At worst, it could be described as a high-class garage sale, at best a sell-off of national treasures. Whatever you call it, the auction of items from the households of former United States president John F. Kennedy and Jacqueline Kennedy Onassis is sure to attract the interest of collectors and historians worldwide.
From February 15 to 17, furniture, art, picture frames, plastic trays and chipped cups and saucers will go under the hammer at Sotheby's in New York as the final chapter in the great 'House of Camelot' sell-off draws to a close.
Daughter Caroline Kennedy is spring cleaning the family's former homes in Hyannis Port, Martha's Vineyard, New Jersey, New York and Virginia in preparation for what will probably be the last mass sale of Kennedy memorabilia.
As Caroline Kennedy points out in a note accompanying the 380-page glossy colour catalogue featuring the 691 lots, the sale has not come about because she needs the money; rather because she has too much.
'After my mother died in 1994, my brother and I were faced with the task of deciding what to do with her possessions and, after careful consideration, we sold some of them in 1996. In the intervening years, and with the death of my brother [John], I found myself again with more houses and belongings than I could possibly use or enjoy.'
Among the lots at the low end of the spectrum is No. 227: 27 pieces of damaged 20th-century ceramics with a reserve price of US$75 to US$125; No. 217: two oblong trays and a fibreglass tray with wicker edging reserved at US$100 to US$150; and No. 195: a collection of wicker coasters, baskets and a waste bin with a reserve of US$100 to US$150.
'Like you and I, they had things that everyone else had in their homes,' says Chapin Carson, a senior vice-president at Sotheby's in New York. She has read the references in the press comparing the auction with an upmarket garage sale and 'does not agree with it entirely'.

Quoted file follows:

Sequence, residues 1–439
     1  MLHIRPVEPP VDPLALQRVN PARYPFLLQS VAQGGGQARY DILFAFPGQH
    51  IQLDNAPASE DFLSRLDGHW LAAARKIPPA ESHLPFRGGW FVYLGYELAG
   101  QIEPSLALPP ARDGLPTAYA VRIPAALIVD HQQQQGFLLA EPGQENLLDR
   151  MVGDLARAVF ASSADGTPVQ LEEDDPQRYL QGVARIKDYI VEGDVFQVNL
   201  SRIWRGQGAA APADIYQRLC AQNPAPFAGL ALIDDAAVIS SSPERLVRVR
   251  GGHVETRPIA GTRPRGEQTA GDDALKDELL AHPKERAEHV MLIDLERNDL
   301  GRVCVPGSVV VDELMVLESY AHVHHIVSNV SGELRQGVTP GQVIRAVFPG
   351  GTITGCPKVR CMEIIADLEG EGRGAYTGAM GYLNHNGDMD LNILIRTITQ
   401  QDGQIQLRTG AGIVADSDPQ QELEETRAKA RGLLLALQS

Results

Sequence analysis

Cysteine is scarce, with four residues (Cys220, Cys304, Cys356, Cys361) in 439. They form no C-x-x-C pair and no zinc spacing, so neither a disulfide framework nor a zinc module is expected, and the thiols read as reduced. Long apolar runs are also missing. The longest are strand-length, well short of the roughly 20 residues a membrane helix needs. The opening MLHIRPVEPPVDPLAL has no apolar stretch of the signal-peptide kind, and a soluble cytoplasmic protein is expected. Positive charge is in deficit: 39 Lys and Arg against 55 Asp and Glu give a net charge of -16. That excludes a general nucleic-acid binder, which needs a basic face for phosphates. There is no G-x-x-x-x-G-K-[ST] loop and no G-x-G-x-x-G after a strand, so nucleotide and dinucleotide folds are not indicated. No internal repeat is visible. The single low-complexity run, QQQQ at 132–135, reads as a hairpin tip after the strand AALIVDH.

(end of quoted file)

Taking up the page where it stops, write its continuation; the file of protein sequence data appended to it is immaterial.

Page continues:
The items in the sale are reserved at their current market value, but the Kennedy fingerprint is expected to be strong enough to drive up prices sevenfold, she says.
The 1996 auction, which Carson also managed, raised US$34.5 million, including US$2.5 million paid for an engagement ring from the late Greek shipping magnate Aristotle Onassis, who Jackie married in 1968.
This latest auction may be more modest in its offerings and pricing, but it features many items that are sure to pique the interest of collectors and Kennedy-watchers alike.
Lot No. 53 is described as an oak and wicker 'Kennedy Rocker', which JFK was advised to use because of his back problems. Although its reserve price is US$4,000 to US$6,000, it is expected to fetch much more because of its association with the country's 35th president. Among the collectable items is Lot No. 158, a 19th-century Chinese-school oil painting of an American sailing ship near Hong Kong, which has a reserve price of US$10,000 to US$15,000. Then there is Lot No. 159, a 1910-11 oil painting by Augustus John, Portrait of the Artist's Wife Dorelia Before a Banner, carrying a pre-sale estimate of US$20,000 to US$30,000.
Few families of the modern era, with the possible exception of abdicated British monarch Edward Windsor and American divorcee Wallace Simpson, are able to attract a mixture of romanticism, mystique and tragedy to rival that surrounding the Kennedy clan. While the president may have been the most important man in the United States, his wife carved a niche for herself as one of the most admired and stylish women in the country.
Back in 2001-02, the roving clothes exhibition, Jacqueline Kennedy: The White House Years, was on show at sold-out venues across the nation. The wardrobe of more than 70 dresses, coats and accessories was used to tell the story of her years as first lady: from the outfits she wore to her husband's campaign events to her inaugural ball gown and ethnically-inspired dresses designed for her many diplomatic trips.
Several of the items in the auction reflect Jackie's love of riding, including horse blankets, bits, a bridle and various equestrian artworks. These pieces are sure to fare well against those associated with her husband and his position.
'Americans like to look back very fondly and lots of parents have imparted [Kennedy history] to their children,' explains Chapin. 'We live in a time where there is a great deal of interest [in the past].'
Expectations are high for the upcoming sale, with a percentage of the proceeds going to the John F. Kennedy Library Foundation and other charities.
However, since the most personal items have been kept within the family, the most significant have already been sold and the most historic have been donated to the Library Foundation, buyers are left with little more than mundane and practical objects, albeit ones that will certainly impress the neighbours, explains Carson. 'I have been to a dinner party in London where we ate off plates from the Windsor sale,' she enthuses.
The auction will take place at Sotheby's New York from February 15-17, 2005. For enquiries, call (212) 894 1399.